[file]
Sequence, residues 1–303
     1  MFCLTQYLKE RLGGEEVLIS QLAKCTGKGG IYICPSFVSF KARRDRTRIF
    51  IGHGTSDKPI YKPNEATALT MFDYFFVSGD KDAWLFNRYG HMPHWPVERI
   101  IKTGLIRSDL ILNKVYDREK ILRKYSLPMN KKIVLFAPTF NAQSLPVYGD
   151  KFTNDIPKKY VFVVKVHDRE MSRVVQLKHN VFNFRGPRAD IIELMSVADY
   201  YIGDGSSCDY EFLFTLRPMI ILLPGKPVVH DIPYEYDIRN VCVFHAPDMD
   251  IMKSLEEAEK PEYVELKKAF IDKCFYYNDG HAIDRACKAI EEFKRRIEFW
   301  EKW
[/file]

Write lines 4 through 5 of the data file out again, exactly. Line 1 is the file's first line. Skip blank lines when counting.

   101  IKTGLIRSDL ILNKVYDREK ILRKYSLPMN KKIVLFAPTF NAQSLPVYGD
   151  KFTNDIPKKY VFVVKVHDRE MSRVVQLKHN VFNFRGPRAD IIELMSVADY